To illustrate this point, let’s just say that the correct recipient authenticated securely and gained legitimate access to the file. When it comes to most security protocols, their job is done. However, let’s say the user decides to do something suspicious with your file – as in the case of HBO game of thrones hacking problem. Nothing would stop them.

Why DRM is necessary for Zero Trust

To truly achieve Zero Trust on business-critical files, data, and information, you must defend it at the source. This not only requires you to place access controls on the delivery method, but also on the information itself.

For this, there is digital rights management (DRM). DRMs work differently. Rather than making the data impossible for unwanted parties to capture, it prevents them from using it. DRM puts you in control of every file, email, and piece of intellectual property that crosses the network. You can set permissions on who can open it, limit access to specified email or IP addresses only, and maintain full control over who can print, copy, save, edit, or even capture your file. Bill Stubbles, solutions engineer at HelpSystems, explains that “a DRM solution integrates data protection and access control, and enables levels of protection that a conventional file encryption solution such as PGP simply cannot. equal. With PGP, once a file you send has been decrypted, it is completely out of your control. [A DRM solution] allows you to apply and revoke rights management on your files at any time. This has obvious benefits for compliance. HIPAA, for example, prohibits the sharing of personal health information (PHI) outside of HIPAA regulations and when necessary for the patient’s medical care. Protecting these files with specific permissions before sending will ensure that the information cannot be accessed by an unauthorized third party, even if it falls into the wrong hands. In short, DRM guarantees that:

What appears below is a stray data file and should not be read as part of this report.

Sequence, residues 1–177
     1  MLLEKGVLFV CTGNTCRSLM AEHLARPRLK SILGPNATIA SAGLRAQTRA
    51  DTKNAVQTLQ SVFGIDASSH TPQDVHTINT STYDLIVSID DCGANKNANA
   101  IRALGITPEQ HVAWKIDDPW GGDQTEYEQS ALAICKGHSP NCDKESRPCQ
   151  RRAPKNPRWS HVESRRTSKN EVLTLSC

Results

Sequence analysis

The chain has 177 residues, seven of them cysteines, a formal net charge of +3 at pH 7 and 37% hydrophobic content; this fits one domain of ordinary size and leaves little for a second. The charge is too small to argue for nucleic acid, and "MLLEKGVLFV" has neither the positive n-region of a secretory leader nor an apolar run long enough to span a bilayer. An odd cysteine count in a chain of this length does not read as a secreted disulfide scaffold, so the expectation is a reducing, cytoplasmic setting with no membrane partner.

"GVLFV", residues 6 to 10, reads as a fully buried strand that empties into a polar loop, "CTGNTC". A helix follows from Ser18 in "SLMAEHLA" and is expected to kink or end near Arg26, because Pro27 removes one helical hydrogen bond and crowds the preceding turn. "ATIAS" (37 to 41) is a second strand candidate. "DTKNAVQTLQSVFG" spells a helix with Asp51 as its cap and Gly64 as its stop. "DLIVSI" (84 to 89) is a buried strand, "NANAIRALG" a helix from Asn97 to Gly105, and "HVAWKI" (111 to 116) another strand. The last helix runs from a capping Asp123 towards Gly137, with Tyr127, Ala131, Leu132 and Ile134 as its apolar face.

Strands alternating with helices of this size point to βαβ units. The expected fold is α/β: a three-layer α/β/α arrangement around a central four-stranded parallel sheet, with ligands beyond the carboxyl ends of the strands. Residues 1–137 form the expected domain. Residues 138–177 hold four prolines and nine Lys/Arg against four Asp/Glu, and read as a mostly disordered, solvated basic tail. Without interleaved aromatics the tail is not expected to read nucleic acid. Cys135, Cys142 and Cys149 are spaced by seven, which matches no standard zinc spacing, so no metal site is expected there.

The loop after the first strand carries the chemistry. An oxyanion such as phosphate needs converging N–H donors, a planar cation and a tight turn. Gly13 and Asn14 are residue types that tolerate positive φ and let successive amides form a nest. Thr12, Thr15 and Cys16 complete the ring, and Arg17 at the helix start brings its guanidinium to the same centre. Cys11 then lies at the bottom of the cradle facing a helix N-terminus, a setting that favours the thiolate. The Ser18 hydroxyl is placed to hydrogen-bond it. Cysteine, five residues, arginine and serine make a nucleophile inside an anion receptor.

• End users may send and receive communications only to authorized recipients, without exposing them to unauthorized third parties.
  • End users retain control of files after they are sent, received, and accessed
  • Administrators retain full DRM rights management even after data leaves the organization
  • You assign privileges and permissions on a case-by-case basis and retain full control even after data access. That way, if something goes wrong, you can revoke it at any time. With DRM, you can maintain a level of data control that puts Zero Trust squarely in your hands.

About the Author: Chris Bailey is the Product Manager for the Help systems Secure file transfer products including Globalscape, GoAnywhere and FileCatalyst. Prior to his current role, Bailey was the co-founder and CEO of FileCatalyst, which he led until its acquisition by HelpSystems in January 2021. Bailey holds a BSc in Computer Science from Dalhousie University in Halifax, Canada . He holds a patent for the core protocol used by FileCatalyst to speed up file transfers. Bailey accepted 2 Emmy Awards on behalf of FileCatalyst for pioneering accelerated file transfer for the broadcast industry and for his work with NBC Olympics on the 2014 Winter Games in Sochi. In 2016, Bailey received the Top 40 under Forty award in Ottawa, Canada for his business achievements. Follow Chris on LinkedIn.